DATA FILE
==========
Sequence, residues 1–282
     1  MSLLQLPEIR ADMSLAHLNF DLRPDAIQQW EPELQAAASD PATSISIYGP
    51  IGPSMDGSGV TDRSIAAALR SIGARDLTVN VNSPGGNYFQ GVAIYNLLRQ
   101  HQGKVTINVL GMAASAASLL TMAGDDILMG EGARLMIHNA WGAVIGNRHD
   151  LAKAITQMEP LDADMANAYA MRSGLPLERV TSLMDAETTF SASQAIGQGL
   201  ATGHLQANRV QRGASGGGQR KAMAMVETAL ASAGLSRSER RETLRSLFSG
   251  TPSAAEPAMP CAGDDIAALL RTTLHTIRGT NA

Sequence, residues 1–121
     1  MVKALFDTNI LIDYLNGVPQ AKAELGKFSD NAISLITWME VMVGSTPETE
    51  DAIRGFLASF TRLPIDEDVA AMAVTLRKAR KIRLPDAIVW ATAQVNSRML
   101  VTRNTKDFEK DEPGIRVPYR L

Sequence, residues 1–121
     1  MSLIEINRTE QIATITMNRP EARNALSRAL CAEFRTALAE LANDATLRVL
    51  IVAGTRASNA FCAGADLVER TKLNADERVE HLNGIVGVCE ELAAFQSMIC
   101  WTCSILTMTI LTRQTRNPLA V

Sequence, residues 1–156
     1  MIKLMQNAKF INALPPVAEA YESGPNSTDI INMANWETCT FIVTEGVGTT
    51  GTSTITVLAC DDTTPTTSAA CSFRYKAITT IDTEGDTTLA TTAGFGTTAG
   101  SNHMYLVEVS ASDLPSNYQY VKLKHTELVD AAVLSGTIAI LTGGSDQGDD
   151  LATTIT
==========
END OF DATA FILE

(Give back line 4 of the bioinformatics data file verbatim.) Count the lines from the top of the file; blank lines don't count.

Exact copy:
   101  HQGKVTINVL GMAASAASLL TMAGDDILMG EGARLMIHNA WGAVIGNRHD